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Finding California's Quietest Places... And Keeping Them That Way

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One of the quietest places in California: The Eureka Valley and Inyo Mountains. | Photo: Dustin Blakey, some rights reserved

It’s a gorgeous day in the California desert. An autumn breeze, cool for the desert at 80°F, makes the dry leaves of big galleta grass rustle. Two hundred yards or so off to the south, the raucous song of a cactus wren echoes off the rocks. It seems loud, despite the distance: it’s just that everything else is so quiet that hearing a bird from a tenth of a mile away is pretty easy.

Eyes closed, you listen for more: the hum of a passing dragonfly; the chatter of a pair of antelope ground squirrels; the pulsing blood in your ears. You can’t remember when you were in a place this quiet. You start breathing more deeply. Your shoulders drop down lower and away from your ears. You feel at peace.

And then the dirtbikes show up.

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Noise is one of the least-recognized forms of pollution that people cause. And we cause a lot of it. According to a study done last year by the National Park Service, human activity has radically changed the way the landscape sounds over about half of the 48 contiguous states. Eastward of the Plains states, it’s hard to find large areas where the average ambient noise level is below 40 decibels (dB).  

That’s about the background noise level of a quiet neighborhood with lots of trees. That sounds pretty good, until you remember that it’s the background noise level, the combined low roar of all the noisy human activities within a few miles, and that individual annoying sources of noise are added to that. A loud whisper can reach about 40 dB. Imagine someone loudly whispering next to you 24 hours a day. With background noise levels of 40dB, you’re getting into the range that’s been established to interfere with sleep in some people. And that’s an average: half the time, the background noise will be louder. It doesn’t need to get a whole lot louder before stress, depression, and long-term cardiovascular complaints can result. Studies indicate that a sixth of Americans 20 and under may have permanent hearing damage from exposure to artificial noise.

Those ailments don’t just affect people. Wildlife suffers from human noise as well, whether it's due to stresses similar to those humans experience, or inability to be heard over the din when making sounds used for mating or territorial display, or even abandoning otherwise suitable habitat because human noises are just too prevalent.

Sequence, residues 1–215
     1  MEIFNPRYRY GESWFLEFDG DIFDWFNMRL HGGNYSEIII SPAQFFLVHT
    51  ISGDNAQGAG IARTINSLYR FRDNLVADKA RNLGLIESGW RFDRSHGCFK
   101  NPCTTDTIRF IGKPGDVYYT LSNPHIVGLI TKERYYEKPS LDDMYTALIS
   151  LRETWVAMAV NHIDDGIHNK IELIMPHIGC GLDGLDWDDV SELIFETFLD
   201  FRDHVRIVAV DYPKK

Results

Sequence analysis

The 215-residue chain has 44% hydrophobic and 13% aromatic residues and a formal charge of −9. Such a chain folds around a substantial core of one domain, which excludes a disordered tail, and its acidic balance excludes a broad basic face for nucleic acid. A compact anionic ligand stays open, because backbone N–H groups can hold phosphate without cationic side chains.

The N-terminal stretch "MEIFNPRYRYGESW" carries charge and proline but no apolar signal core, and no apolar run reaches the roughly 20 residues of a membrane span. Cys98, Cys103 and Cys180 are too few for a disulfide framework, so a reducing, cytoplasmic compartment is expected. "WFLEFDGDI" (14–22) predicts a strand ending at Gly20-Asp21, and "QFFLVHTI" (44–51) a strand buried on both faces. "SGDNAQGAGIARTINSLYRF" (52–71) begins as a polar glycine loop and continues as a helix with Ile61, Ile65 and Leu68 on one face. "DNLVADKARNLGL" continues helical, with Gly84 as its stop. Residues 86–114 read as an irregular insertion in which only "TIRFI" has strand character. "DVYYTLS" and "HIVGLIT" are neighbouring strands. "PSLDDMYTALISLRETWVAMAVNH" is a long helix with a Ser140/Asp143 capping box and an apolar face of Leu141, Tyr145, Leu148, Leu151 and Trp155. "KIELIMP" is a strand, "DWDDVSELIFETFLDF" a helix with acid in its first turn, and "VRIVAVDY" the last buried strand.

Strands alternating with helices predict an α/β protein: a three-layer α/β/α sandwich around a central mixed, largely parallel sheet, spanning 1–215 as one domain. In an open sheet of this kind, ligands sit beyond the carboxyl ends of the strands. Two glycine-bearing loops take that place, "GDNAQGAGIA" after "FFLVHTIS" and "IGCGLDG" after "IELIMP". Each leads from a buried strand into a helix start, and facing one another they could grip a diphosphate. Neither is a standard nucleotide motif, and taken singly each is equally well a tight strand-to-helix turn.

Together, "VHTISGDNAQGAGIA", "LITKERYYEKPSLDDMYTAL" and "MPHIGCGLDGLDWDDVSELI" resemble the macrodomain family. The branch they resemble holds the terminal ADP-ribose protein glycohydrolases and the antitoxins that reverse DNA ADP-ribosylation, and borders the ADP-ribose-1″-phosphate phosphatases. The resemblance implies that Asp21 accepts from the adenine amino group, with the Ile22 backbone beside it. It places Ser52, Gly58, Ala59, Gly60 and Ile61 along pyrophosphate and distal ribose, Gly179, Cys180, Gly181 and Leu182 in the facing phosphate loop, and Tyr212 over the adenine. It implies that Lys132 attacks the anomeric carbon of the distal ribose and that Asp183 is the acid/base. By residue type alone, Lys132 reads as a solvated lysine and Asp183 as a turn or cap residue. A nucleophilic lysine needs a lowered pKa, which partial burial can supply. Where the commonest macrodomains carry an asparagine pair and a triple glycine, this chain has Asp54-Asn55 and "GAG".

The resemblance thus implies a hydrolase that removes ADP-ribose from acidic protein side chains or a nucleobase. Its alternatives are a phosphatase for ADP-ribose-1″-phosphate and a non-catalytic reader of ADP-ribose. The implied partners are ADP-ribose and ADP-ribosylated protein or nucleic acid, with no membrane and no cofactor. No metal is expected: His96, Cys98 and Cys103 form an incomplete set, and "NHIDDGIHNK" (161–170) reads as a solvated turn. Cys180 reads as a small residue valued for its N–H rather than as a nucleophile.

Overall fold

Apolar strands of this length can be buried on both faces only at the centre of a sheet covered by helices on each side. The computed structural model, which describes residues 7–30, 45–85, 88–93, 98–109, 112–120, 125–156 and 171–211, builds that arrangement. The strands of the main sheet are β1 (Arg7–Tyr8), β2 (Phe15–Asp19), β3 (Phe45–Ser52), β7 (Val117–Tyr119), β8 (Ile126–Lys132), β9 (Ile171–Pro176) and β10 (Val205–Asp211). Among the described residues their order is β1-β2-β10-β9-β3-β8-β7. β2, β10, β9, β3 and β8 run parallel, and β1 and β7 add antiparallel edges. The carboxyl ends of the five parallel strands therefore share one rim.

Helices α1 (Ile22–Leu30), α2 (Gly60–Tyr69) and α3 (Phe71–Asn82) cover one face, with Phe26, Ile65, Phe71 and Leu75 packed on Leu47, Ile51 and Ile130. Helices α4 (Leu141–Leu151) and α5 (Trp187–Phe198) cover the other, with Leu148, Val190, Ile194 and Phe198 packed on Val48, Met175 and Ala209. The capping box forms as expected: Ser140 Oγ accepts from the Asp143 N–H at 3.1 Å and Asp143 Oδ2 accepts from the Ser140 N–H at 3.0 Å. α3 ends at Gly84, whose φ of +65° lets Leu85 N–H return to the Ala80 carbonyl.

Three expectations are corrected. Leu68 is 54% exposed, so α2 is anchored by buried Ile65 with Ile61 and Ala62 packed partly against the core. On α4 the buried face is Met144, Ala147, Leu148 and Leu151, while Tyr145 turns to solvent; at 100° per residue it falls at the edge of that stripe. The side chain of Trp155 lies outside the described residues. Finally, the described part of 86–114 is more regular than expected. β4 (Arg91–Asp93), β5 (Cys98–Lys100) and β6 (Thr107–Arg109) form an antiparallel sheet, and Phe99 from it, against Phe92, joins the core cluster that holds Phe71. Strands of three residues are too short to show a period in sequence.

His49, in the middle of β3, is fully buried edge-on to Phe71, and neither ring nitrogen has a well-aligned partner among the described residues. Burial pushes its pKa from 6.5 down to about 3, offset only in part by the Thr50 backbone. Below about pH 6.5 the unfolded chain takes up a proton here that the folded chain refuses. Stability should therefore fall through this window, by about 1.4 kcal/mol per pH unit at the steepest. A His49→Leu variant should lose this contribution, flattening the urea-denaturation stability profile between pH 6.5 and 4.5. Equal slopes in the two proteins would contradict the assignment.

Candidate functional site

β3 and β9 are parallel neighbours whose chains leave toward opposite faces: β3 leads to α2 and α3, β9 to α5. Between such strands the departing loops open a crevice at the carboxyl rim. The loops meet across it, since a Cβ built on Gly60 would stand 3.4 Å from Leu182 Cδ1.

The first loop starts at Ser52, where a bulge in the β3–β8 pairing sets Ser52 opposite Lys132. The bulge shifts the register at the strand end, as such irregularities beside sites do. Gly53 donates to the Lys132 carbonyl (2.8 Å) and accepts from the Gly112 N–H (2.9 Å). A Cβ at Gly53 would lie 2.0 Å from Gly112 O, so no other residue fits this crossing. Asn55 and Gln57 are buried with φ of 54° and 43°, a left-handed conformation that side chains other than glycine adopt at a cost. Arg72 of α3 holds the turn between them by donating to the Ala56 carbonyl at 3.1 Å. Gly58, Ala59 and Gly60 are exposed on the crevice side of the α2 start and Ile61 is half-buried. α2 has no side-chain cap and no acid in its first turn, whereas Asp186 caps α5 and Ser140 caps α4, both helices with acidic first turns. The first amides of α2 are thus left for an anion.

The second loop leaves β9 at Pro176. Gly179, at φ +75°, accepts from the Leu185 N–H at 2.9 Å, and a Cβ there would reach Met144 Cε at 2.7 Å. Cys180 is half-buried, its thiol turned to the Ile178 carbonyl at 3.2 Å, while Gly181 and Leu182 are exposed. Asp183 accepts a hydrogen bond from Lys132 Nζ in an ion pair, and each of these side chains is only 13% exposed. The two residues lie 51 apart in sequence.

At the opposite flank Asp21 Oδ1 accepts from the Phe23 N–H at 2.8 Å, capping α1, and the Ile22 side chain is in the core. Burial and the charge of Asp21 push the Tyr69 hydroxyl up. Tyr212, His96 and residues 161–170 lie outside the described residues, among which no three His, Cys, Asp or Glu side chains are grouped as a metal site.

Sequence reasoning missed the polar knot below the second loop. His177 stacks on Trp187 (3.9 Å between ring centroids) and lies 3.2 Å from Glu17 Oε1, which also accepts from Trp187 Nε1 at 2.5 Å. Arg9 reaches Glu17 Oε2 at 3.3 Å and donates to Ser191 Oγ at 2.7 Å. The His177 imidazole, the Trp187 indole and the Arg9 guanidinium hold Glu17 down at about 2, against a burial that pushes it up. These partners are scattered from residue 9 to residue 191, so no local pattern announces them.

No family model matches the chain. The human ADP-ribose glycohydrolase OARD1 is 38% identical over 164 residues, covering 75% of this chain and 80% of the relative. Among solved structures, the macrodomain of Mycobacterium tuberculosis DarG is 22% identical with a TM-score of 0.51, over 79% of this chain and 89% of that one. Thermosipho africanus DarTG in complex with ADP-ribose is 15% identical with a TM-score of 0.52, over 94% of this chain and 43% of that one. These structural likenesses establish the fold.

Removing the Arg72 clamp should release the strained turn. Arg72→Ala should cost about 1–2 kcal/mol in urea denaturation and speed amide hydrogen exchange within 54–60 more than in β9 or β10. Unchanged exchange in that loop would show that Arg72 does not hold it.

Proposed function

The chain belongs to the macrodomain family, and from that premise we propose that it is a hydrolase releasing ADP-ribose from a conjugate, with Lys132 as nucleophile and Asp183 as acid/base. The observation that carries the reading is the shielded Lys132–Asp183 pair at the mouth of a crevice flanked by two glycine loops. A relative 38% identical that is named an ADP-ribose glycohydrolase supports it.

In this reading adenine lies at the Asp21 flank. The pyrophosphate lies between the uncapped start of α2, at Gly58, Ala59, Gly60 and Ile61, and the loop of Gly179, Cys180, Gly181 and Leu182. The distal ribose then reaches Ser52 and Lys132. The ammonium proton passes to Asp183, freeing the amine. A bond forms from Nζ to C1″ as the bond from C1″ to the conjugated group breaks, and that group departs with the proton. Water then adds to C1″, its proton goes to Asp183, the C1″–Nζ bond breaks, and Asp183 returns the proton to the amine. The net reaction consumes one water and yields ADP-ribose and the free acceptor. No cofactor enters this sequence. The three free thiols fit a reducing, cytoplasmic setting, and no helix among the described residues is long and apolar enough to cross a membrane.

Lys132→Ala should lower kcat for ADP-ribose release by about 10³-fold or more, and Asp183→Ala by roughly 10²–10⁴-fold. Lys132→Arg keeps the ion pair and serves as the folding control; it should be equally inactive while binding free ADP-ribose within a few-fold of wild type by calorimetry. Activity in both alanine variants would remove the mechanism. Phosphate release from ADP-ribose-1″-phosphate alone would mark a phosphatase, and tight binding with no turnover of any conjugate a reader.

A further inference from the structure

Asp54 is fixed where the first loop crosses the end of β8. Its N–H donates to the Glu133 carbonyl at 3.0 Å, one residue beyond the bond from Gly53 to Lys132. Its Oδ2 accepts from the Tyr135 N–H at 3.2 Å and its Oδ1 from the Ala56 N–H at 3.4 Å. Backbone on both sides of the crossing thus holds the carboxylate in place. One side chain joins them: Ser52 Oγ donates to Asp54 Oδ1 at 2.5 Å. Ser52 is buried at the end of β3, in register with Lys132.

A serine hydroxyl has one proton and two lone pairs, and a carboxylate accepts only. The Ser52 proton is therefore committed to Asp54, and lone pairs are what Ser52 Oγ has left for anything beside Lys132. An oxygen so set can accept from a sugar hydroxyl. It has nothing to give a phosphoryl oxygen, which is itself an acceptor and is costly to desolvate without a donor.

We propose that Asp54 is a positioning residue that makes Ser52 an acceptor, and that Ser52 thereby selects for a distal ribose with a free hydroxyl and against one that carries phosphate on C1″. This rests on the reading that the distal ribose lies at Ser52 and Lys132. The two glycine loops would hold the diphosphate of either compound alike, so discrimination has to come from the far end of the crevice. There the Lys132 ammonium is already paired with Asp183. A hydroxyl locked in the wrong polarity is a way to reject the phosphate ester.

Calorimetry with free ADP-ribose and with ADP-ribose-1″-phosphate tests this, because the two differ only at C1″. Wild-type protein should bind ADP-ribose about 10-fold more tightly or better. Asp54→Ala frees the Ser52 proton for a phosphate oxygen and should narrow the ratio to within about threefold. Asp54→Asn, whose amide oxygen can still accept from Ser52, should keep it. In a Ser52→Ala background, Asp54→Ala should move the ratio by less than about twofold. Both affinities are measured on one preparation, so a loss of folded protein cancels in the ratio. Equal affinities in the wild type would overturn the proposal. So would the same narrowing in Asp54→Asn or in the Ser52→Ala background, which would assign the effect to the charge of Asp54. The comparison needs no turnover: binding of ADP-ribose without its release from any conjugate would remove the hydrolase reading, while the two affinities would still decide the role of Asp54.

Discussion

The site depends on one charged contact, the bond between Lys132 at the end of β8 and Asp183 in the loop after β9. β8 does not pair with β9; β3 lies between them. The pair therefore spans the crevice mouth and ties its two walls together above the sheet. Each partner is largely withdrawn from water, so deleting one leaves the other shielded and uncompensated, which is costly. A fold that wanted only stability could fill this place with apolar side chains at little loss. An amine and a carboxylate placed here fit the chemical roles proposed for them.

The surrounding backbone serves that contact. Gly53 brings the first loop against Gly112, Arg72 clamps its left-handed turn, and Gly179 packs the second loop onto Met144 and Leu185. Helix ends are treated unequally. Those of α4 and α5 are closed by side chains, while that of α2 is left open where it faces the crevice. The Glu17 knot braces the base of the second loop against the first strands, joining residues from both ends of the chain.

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Average noise levels in the contiguous United States. Dark blue is quiet, yellow is noisy. | Map: National Park Service

Wildlife can also suffer hearing loss from loud noises, even if those noises don’t go on for long. The desert kangaroo rat provides a good example. The rat’s hearing is so sensitive it can detect a sidewinder — a main kangaroo rat predator — slithering quietly on sand 15 inches away, which is well out of striking distance for most sidewinders. After being exposed to engine noise at 90 dB about 14 feet away on and off for eight minutes, roughly equivalent to what a rat might experience if an off-road vehicle idled nearby, the rats had trouble hearing sidewinders less than an inch away. The rats in this experiment recovered their hearing, and they weren’t actually in danger of being eaten by the snake, but rats in the wild generally don’t get the opportunity to recover from temporary hearing loss.

And animals that rely on hearing for navigation, like bats, can fare even worse when noise levels get too high.

In the West, fortunately, we’re blessed with a relative absence of noise over much of the landscape. There are noisy areas in urban areas and along the highways that connect them. But across the intermountain West, there are plenty of places where you could walk for miles with a background noise level of 26 dB or less — about a third as loud as the quietest places in Ohio.

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Along the Hana Highway, Maui | Photo: Brodie Guy, some rights reserved

It’s not that those places are silent. Far from it. Wind and bird song and the crunching of your feet on the gravel, rainfall and thunder and coyote song are all found in quiet places, and some of them can be pretty loud. But for the most part, aside from those gravelly footfalls, the sounds there aren’t made by humans.

That may seem to be a literally artificial distinction, but it’s important. Noise is defined as unwanted sounds. That’s a very subjective metric. Your dog’s barking may be music to your ears. It ain’t necessarily so for the hundred other households within earshot. Music is a perennially popular example of how one person’s pleasant sounds are another person’s noise.

Across the United States, the majority of noise doesn’t come from barking dogs or Justin Bieber. It’s made by cars, trucks, and other road vehicles. Aircraft also make a significant contribution. Though the actual sound level of a jet cruising 35,000 feet above your ears may be small, it may well be audible over hundreds of square miles at a time. Industrial machinery adds to the urban roar, as do appliances from air conditioning units to leaf-blowers and chainsaws.

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Detail of the NPS noise map. California state line added in red. Los Angeles and San Diego are on the right. | Map: National Park Service

Fortunately for Californians, noise pollution isn’t nearly as pervasive here as it is back East. Our cities are as noisy as any others in the country, and in some spots, like Central LA and Long Beach, ambient noise levels can reach “someone’s vacuuming the room while you’re trying to sleep” levels. But even after a century of sprawl, California’s noisy cities are still mainly limited to the coast and the Interstate 5 corridor through the Central Valley. East of the mountains, California has a lot of acreage that’s about as quiet as anywhere else in the Lower 48, with average background noise levels of between 21 and 26 dB.

How quiet is that? It’s somewhere just above leaves rustling, according to one scale cut-and-pasted widely across the Web.